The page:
Carmelo Anthony has been a huge success story for the Portland Trail Blazers this season. He’s eliciting plenty of questions for the Blazer’s Edge Mailbag too! Today we tackle a pair of them.
What’s the future look like for Carmelo? We guaranteed his contract for this season. But then what? Would it make sense to try and keep him? And what would that take? Or is it completely unrealistic to think we could keep him without spending too much.
Hail, Dave! And well met, you no-doubt-handsome fellow, you! *shares secret Dave nod*
I’m not sure there’s much revolutionary to say here. I suspect Carmelo and the Blazers will part ways after the season and that it’ll be a mutual decision.
For ‘Melo, the decision seems polar. Either he can’t play well, in which case the Blazers won’t want him, or he can, in which case it’ll make more sense for him to join a higher-profile team closer to contending. His 30’s are passing. He didn’t even know he’d get the shot in Portland for sure. Who knows when this opportunity will come again? If he has a chance to join, say, the Lakers or Celtics, that’d make far more sense than extending his stay here.
There will be some mewling about loyalty to a team that “gave him the chance”. That’s only half the story, maybe less. Nobody “gave” ‘Melo anything. He worked to stay ready, Portland had a hole in the roster, and they contracted with him to provide services. That contract lasts through summer. Once it’s done, both parties will have gotten what they agreed to. Anthony has no further obligation to the team, nor they to him. Both parties will need to do what’s best for them. If staying together is best, fantastic. If not, nobody should complain.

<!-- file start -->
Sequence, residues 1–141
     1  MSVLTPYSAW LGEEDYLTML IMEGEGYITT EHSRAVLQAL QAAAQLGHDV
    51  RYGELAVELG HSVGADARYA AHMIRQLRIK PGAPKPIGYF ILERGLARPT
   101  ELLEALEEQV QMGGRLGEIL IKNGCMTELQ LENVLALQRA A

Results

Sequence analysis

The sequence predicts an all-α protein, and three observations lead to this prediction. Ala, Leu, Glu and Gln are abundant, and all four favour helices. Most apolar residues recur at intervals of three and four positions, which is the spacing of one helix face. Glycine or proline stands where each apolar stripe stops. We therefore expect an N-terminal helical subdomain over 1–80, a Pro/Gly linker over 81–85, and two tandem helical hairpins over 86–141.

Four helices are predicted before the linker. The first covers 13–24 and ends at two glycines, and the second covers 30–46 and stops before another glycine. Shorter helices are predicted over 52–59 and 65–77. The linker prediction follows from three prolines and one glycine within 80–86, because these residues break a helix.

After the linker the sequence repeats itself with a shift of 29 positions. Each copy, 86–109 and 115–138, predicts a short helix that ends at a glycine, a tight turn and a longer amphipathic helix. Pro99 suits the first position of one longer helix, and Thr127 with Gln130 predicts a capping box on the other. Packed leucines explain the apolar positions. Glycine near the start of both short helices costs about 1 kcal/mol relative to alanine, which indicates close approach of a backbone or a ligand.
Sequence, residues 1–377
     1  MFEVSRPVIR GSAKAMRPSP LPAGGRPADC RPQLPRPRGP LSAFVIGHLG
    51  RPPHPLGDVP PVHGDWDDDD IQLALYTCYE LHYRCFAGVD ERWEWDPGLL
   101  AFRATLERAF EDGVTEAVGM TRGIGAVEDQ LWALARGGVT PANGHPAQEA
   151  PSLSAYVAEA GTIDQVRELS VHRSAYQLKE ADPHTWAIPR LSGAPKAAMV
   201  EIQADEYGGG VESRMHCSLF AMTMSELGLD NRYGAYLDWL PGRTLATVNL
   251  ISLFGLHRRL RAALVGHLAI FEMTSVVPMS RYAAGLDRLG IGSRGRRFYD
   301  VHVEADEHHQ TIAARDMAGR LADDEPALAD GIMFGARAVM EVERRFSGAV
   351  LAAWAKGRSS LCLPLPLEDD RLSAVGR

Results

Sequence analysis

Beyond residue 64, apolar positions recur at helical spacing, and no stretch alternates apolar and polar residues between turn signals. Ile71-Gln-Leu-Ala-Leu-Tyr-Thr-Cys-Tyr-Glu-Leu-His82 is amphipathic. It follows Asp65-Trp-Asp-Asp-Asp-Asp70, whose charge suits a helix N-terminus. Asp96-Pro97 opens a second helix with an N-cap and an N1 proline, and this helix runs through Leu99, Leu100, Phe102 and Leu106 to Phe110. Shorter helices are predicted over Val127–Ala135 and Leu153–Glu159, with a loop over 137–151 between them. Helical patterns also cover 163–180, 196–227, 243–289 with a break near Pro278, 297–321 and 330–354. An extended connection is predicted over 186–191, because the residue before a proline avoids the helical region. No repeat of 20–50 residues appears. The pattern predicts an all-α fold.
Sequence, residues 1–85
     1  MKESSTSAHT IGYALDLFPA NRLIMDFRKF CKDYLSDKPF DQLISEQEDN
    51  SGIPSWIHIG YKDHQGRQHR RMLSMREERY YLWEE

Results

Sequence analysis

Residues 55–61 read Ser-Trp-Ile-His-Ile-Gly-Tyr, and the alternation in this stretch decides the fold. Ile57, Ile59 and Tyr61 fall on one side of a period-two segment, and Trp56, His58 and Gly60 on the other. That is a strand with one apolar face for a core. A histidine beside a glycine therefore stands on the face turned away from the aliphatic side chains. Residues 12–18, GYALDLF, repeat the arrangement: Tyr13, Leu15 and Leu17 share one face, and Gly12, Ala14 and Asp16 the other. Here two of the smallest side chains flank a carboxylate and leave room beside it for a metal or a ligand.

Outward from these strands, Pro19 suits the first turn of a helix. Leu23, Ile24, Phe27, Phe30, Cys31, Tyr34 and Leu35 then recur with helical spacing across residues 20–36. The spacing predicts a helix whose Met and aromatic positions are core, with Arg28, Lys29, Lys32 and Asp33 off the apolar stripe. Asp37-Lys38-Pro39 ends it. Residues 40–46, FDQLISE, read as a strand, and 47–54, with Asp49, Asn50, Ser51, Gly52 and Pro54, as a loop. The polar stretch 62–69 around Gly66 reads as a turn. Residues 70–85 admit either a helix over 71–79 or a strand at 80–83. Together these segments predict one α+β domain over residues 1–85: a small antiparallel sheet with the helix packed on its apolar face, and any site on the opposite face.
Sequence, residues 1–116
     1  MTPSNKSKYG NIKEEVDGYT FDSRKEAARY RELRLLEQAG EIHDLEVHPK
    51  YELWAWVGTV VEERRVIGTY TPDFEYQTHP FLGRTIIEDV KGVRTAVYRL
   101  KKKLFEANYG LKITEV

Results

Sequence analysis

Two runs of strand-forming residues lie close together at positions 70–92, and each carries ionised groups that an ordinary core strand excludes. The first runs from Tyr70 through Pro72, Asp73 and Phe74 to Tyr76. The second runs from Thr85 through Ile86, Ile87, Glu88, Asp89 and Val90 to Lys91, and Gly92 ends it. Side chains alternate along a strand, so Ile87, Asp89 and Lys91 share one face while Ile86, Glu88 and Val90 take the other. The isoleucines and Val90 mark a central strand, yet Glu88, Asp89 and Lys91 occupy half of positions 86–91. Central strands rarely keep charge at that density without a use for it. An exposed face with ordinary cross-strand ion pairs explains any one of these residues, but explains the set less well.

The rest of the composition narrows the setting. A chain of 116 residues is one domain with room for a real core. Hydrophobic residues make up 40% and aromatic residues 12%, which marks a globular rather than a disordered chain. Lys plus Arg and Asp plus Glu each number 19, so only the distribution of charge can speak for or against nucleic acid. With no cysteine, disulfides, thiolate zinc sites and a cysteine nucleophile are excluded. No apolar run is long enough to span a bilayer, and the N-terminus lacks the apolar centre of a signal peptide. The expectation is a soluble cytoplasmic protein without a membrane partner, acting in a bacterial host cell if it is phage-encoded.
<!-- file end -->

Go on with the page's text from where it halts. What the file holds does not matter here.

This isn’t one-sided. There’s legitimate doubt whether retaining Anthony would be best for the Blazers. His contract would eat into any cap space they preserve for summer. Re-signing him could make sense if they make a mid-season deal that takes them out of free agency. Otherwise, they’ll want to spend their dough on younger, more suitable, options.
Plus, as well as Anthony has produced for the Blazers, his contributions don’t appear to be affecting the win total much. Portland is a defensive sieve. Their offense is ponderous and predictable. That’s ok in a lost season where Anthony serves as both storyline and distraction. It’s far less interesting as a long-term option. The Blazers aren’t going to be interested in nostalgia in 2021, but winning. Carmelo probably won’t get them there.
Here’s the look behind the magician’s cape for the 2019-20 season. A couple of veterans are producing incredibly well for the Blazers. They’re able to do that because, at this point, that’s what the season is about. Their unbridled production is the consolation prize for a campaign gone off the rails, a feel-good story in an otherwise far-below-expectations year. The correlation isn’t just casual, it’s causal. If the Blazers were battling the Los Angeles Lakers for the top seed in the West, would Anthony still be getting an all-you-can-eat buffet of shots every other game? Would he and other veterans be able to play past their weaknesses as if they didn’t matter when ever win was crucial? Every time you see one of these guys put up amazing numbers, it’s more a sign that the team isn’t where they hoped to be than a sign they’re getting there.